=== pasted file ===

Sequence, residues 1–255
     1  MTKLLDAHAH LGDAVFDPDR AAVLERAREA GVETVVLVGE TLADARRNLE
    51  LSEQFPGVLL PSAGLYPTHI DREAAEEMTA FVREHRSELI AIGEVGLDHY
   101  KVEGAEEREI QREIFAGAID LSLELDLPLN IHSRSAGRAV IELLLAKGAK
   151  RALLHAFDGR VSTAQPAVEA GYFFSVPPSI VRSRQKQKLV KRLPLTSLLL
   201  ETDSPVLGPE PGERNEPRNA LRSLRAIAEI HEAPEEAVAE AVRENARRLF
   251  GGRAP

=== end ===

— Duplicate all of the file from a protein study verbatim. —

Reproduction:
Sequence, residues 1–255
     1  MTKLLDAHAH LGDAVFDPDR AAVLERAREA GVETVVLVGE TLADARRNLE
    51  LSEQFPGVLL PSAGLYPTHI DREAAEEMTA FVREHRSELI AIGEVGLDHY
   101  KVEGAEEREI QREIFAGAID LSLELDLPLN IHSRSAGRAV IELLLAKGAK
   151  RALLHAFDGR VSTAQPAVEA GYFFSVPPSI VRSRQKQKLV KRLPLTSLLL
   201  ETDSPVLGPE PGERNEPRNA LRSLRAIAEI HEAPEEAVAE AVRENARRLF
   251  GGRAP